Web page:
Pakistan’s economy steps into the new fiscal year (FY21) with a host of challenges. Covid-19 keeps business and consumer confidence on the downside, locust attacks pose a threat to food security and increasing petrol prices may fuel inflation in the economy, according to the central bank.
Still, it is possible to achieve the economic growth target of 2.1% in the year, if the government ensures effective utilisation of funds allocated in the budget for the Public Sector Development Programme (PSDP), like spending on dams and roads. The PSDP expenditure may revive industrial output as the budgeted development spending will help revive demand and supply of goods in the economy.
“Achieving the target of 2.1% growth in real GDP (gross domestic product) during FY21 will require a parallel improvement in underlying demand,” State Bank of Pakistan (SBP) said in its third quarterly (January-March) report for FY20 on “The State of Pakistan’s Economy”, issued on Thursday.
“This (GDP growth) requires effective utilisation of PSDP as per its allocation in the budget for FY21, while SBP (financing) schemes continue to support liquidity needs of both businesses and consumers.”
Going forward, there are some prospects of gradual improvement in economic activity as the government is easing the lockdown while allowing many sectors to resume activities, it said.
However, “the biggest concern is the fast growth in the extent of the disease (Covid-19),” the central bank said.
“High levels of uncertainty are also reflected in recent SBP surveys. The Consumer Confidence Survey of May 2020 recorded a sharp deterioration in both consumer confidence and expected economic conditions following their improvement in March 2020.” “Similarly, the Business Confidence Survey of April 2020 registered its lowest historical level for the overall business confidence,” it said.
The government of Prime Minister Imran Khan has claimed time and again that its strategy of smart lockdown is working as the curve of new infection cases is continuously on the decline. The government has, however, closed markets in Punjab and Quetta after Covid-19 resurfaced there.
The SBP said the agriculture sector outlook was at risk from locust attacks, which can unfavourably impact the ongoing Kharif (summer) season’s output. “Any new locust attacks of high intensity or Covid-19 related supply chain disruptions may hurt food security, resulting in higher inflation,” it said.
The inflation outlook is encouraging, “although not without risks”, the central bank said.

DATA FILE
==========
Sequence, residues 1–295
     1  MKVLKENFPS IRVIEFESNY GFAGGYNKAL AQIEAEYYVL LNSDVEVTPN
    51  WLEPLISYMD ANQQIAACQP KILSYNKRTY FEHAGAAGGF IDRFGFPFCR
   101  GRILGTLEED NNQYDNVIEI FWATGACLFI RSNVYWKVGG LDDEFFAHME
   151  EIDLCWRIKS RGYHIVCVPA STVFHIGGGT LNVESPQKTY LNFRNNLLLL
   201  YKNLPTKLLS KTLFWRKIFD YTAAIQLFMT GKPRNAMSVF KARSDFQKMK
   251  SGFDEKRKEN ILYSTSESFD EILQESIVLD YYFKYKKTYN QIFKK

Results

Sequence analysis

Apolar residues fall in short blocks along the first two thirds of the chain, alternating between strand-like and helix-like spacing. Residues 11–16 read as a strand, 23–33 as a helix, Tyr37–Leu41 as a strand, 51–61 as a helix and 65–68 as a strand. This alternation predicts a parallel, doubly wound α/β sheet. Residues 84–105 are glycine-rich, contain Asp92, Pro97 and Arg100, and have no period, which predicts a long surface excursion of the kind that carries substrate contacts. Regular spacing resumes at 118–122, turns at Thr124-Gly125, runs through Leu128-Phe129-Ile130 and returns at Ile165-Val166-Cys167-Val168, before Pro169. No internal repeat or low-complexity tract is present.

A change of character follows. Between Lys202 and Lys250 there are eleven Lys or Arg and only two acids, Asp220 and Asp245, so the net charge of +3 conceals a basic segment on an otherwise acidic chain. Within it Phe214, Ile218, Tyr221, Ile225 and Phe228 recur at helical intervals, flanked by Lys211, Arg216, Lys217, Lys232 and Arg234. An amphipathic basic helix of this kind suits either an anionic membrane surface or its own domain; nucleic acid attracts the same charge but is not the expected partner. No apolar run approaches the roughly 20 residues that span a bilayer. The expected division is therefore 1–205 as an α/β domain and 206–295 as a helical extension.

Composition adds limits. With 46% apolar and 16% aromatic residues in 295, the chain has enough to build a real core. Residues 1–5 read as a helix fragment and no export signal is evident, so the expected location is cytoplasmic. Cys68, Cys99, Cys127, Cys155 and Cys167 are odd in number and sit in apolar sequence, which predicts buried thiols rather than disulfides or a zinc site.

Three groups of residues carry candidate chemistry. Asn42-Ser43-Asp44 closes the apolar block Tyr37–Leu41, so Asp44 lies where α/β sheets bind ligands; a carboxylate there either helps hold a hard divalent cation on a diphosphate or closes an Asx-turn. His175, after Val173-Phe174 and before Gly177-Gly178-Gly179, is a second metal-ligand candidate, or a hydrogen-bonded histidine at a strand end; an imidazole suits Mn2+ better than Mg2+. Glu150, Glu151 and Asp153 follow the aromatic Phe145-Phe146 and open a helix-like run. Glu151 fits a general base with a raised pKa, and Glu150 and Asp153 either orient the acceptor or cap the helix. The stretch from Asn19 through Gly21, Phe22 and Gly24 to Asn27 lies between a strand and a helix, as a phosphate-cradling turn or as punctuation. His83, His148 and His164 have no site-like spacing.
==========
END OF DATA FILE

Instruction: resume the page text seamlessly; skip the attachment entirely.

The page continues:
“Recent increase in petrol prices has tilted risks on the higher side of this range (inflation projected range: 7-9% in FY21). While low global demand may keep international oil prices subdued in the coming months, any agreement for a large cut in oil supply by OPEC (Organisation of the Petroleum Exporting Countries) members can be another upside risk for both inflation and its future expectations.”
However, low domestic demand should continue to support a further softening trend in the CPI headline inflation and stability in core inflation over the coming months. “As a result, inflation is expected to fall in the range of 7-9% during FY21,” the SBP said.
On the fiscal front, the consolidation achieved earlier in the year reversed as the Covid-19 shock started unfolding. Expenditures increased while revenues saw a sharp decline in their growth during 4QFY20. “Thus, fiscal deficit is estimated to touch 9% of GDP for FY20, against 4% recorded during Jul-Mar FY20.
“As we step into FY21, roll out of the much-needed socio-economic support package may continue to keep government expenditures high in the coming months. However, the gross revenue target of Rs6.57 trillion for FY21 is challenging as it entails significant growth over FY20 in a low economic activity environment.”
As current expenditures, such as interest payments and pensions, are expected to consume major share of the revenues, “the government needs to have an efficient debt management policy while ensuring PSDP expenditures as per budget during FY21,” SBP reiterated.
The outlook for the external sector is reasonably comforting, with the current account expected to remain bounded. While higher competition among competing exporters amid recovering global demand in the post-Covid-19 setting may restrict any quick recovery in exports, imports are expected to remain subdued due to low domestic demand and soft international oil prices in the coming months, it said.
While workers’ remittances may remain low as current disruptions and declining oil prices have strained economies of GCC countries, some cushion in services imports may come from restrictions on international travel.
However, multilateral inflows may grow further and make up for some weakness in global capital inflows as more funds have been pledged by various international institutions to help governments cope with their pandemic related relief efforts, it said As the economy moved into the third quarter of FY20, lockdowns began to take their toll on an otherwise favourable macroeconomic trajectory following stabilisation measures.
Published in The Express Tribune, July 31st, 2020.